Equality Bill

Posted on June 14th, 2011 in Parliamentary News

Keith Vaz (Leicester, East) (Lab): The hon. Gentleman is making an eloquent speech. Wearing his other hat as someone who sits on the Speaker’s Conference, does he not agree that we should consider measures to adopt positive action on representation in this house for black and Asian people as well as for women?

John Bercow: Yes. I gave the example of women, but the right hon. Gentleman is absolutely right to challenge me more widely. I certainly do think so, and in principle I am sympathetic to the idea of black and minority ethnic shortlists. However, the world does not change in a day. I have been doing my best since January 2003, unsuccessfully thus far, to persuade my right hon. and hon. Friends on the Front Bench to accept the principle and practice of all-women shortlists. I am happy to take that on board as part of my list of demands with which I go to my colleagues to lobby, with some expectation of eventual but not immediate success.

The gender pay gap is a huge issue, and I can see why my right hon. Friend the Member for Maidenhead (Mrs. May) believes that her idea of compulsory pay audits for demonstrably errant companies is valid. The Government should seriously consider that, as it is a practical and sensible idea. However, I do not agree with the thesis that we should simply pursue a selective policy and eschew the idea of a universal requirement. All that is involved in the clauses on this subject is, first, the ban on secrecy clauses—that is very sensible, because information is power, and if people do not know what others are getting they are in less of a position to argue, lobby and seek better treatment for themselves—and secondly, the requirement from 2013, in the event of inadequate progress in the interim, that companies with 250 or more employees should publish an annual statement of the gender pay gap in their organisation.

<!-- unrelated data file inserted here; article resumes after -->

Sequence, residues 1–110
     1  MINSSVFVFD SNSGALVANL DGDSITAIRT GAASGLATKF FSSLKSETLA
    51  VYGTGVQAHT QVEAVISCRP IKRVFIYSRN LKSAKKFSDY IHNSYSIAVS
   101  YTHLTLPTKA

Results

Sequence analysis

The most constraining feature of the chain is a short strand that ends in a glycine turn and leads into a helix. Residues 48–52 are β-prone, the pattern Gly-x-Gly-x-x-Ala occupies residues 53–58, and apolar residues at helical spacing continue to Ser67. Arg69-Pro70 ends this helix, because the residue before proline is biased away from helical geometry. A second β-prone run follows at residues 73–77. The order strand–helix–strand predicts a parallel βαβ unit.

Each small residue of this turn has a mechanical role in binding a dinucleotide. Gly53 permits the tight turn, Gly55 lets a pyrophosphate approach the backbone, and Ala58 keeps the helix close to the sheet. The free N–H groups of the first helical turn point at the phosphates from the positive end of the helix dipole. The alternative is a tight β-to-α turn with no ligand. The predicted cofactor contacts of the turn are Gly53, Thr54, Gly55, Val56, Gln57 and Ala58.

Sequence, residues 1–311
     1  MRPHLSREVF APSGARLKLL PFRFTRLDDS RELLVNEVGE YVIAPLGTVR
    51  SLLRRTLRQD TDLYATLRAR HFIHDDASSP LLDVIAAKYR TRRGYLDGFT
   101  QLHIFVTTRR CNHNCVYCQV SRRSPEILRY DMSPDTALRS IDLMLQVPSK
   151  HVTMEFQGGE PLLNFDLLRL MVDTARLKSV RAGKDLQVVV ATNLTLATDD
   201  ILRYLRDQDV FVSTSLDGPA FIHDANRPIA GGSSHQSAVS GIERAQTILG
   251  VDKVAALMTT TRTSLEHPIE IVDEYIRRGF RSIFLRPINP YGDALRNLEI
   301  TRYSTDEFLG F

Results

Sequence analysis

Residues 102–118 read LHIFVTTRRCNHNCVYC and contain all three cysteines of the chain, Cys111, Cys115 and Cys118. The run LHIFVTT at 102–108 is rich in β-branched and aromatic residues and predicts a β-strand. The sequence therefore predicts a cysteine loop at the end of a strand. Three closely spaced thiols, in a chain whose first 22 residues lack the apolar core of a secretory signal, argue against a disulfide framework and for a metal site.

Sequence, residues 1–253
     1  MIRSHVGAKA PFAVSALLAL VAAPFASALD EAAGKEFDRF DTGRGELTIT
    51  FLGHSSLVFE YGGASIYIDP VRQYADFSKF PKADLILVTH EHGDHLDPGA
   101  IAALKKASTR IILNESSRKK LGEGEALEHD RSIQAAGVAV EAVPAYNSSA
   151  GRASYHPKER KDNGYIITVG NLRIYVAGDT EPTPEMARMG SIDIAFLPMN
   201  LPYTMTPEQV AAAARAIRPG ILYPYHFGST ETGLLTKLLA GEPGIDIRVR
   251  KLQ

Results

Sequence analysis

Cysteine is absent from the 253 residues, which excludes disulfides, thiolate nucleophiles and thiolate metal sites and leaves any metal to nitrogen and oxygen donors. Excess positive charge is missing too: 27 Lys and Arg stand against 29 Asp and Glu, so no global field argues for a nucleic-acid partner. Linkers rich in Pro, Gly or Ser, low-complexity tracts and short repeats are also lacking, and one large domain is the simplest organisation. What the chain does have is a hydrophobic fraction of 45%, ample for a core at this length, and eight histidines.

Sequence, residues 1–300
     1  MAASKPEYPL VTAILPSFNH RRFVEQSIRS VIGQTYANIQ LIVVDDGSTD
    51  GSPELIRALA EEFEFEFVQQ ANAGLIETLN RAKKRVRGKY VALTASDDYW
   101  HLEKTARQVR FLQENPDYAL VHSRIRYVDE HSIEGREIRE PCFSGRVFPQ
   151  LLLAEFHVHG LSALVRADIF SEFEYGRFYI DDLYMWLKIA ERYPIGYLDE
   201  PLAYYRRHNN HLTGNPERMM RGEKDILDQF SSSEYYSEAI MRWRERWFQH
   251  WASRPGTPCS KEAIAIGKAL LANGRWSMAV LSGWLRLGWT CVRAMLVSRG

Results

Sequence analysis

That requirement is extraordinarily modest and a long way in the coming. The Government certainly cannot be accused of being excessively hasty or unreasonable about it, as they are looking to see what progress will be made. Of course, it will apply only to approximately 0.5 per cent. of all businesses, so the idea that the decimation of the industrial or commercial base of the country and mass unemployment will result from this relatively modest and well-overdue provision seems somewhat far-fetched. If we look at the evidence, we find that when companies behave well, on the whole they do better with a more diverse work force.